2015-04-01T11:17:04+00:00 2015-04-01T12:26:29+00:00

Armand van Helden tells his history through house music [Interview]


Not too long ago, Ministry of Sound created a special mix series entitled Masterpiece – a compilation retrospective inviting house music's greatest accomplished artists to create their own vision of the genre's history through a multi-disc release. Previously inviting those like Goldie, David Rodigan and others who this generation of fans may not know by name, they inducted a new, more familiar name to their honorable club last month: Armand van Helden. A producer whose success story is one that other artists dream of, van Helden worked his way up to stardom through working in the underground, rehabilitating club scene of 1990s New York, eventually going on to become a hit maker and one half of Duck Sauce (along with A-Trak).

We got to sit down with the American icon and look at his personal history and its relationship to music, the development of house and of course his own contribution to Masterpiece all in his own words.

This recent compilation that I worked on for Ministry of Sound, they usually ask various people in the industry with various styles to take part in this Masterpiece series. They tend to ask people who have developed a career in music, so when they asked me I really thought it was a big honor. I know it's a thing where people kind of just dig up old records to show the public their musical tastes and build a collection. But for me, I thought it would be so much better to theme each disc, mix each disc, and make each disc a part of my own identity and a part of my life as well.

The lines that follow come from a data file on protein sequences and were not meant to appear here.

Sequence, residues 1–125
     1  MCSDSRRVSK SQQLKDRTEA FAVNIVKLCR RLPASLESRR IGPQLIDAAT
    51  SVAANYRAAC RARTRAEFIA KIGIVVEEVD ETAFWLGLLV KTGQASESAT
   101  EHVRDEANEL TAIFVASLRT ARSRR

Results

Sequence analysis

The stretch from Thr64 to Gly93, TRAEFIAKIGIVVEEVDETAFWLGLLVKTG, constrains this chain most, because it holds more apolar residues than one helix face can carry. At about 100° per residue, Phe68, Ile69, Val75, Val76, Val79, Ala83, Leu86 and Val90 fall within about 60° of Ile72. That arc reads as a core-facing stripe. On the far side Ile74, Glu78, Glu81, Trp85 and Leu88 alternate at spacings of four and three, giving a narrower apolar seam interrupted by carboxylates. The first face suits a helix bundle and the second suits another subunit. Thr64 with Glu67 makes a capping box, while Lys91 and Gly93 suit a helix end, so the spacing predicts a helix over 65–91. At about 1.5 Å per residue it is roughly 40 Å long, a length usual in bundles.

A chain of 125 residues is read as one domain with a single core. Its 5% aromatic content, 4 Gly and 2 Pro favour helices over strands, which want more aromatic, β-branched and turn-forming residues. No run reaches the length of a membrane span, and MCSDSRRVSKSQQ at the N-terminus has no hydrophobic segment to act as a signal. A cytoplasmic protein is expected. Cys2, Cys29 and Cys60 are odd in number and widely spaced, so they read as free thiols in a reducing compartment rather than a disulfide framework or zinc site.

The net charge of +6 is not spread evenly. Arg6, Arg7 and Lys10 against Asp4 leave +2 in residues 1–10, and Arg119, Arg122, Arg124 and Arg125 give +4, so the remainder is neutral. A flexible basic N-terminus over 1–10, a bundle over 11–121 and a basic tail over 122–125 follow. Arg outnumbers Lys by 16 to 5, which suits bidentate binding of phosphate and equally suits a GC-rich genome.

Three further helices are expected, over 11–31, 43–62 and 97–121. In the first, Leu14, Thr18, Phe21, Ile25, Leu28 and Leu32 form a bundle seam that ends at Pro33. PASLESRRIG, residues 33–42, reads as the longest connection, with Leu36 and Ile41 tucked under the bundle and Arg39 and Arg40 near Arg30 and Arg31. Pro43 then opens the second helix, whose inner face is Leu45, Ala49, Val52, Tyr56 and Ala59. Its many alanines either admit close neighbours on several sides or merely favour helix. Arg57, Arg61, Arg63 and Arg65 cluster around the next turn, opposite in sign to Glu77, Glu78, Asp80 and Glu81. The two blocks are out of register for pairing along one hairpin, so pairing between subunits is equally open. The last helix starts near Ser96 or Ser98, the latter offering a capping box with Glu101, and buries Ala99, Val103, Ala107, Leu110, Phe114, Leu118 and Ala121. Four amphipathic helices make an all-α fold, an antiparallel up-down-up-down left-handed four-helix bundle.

Late 1980s

The last disc on Masterpiece is Freestyle, which predates me getting into house music. Because freestyle is actually older than house – the first freestyle record they quote as being Shannon's "Let the Music Play" from 1984, and house came through in around '85, '86 (and the thing about house is that it was very underground and took a while for it to get to the clubs). Nightclubbing though, in the '80s, was just as big as it was in the '70s, and predominantly the music playing was freestyle or soul and funk. It wasn't hip hop and it wasn't house and for sure wasn't rock. For me, freestyle was a big thing from about 1984-1989 when I got into house and it therefore felt cheesy from then on. I remember it got so cheesy I actually wasn't hanging out with the same people anymore once I got into house. It was crazy – today's analogy, it would be dubstep's transition to trap. Freestyle, in short, though is like "Planet Rock" by Afrika Bambaataa with vocals.


'91 was the first time I put a real record out on a real label. It was called "Deep Creed" and it was on Nervous Records. Before that I was in my home making beats and that alone because I was living up in Boston, and in those days everything was coming out of New York City. But I got lucky and got a record picked up and just started to think "Hey, maybe I have a chance at this game."

At the time I was actually working at a mutual fund company so I was doing this stuff when I would get home and that would be it, along with clubbing a lot and working as a promoter as well. The first disc in the mix series is called 'The Loft: Boston' and The Loft was a club that I started in 1991 as well, I think winter of '91. I was a promoter and the house DJ here and there, wasn't that busy and was getting little gigs here and there, but The Loft was "the one."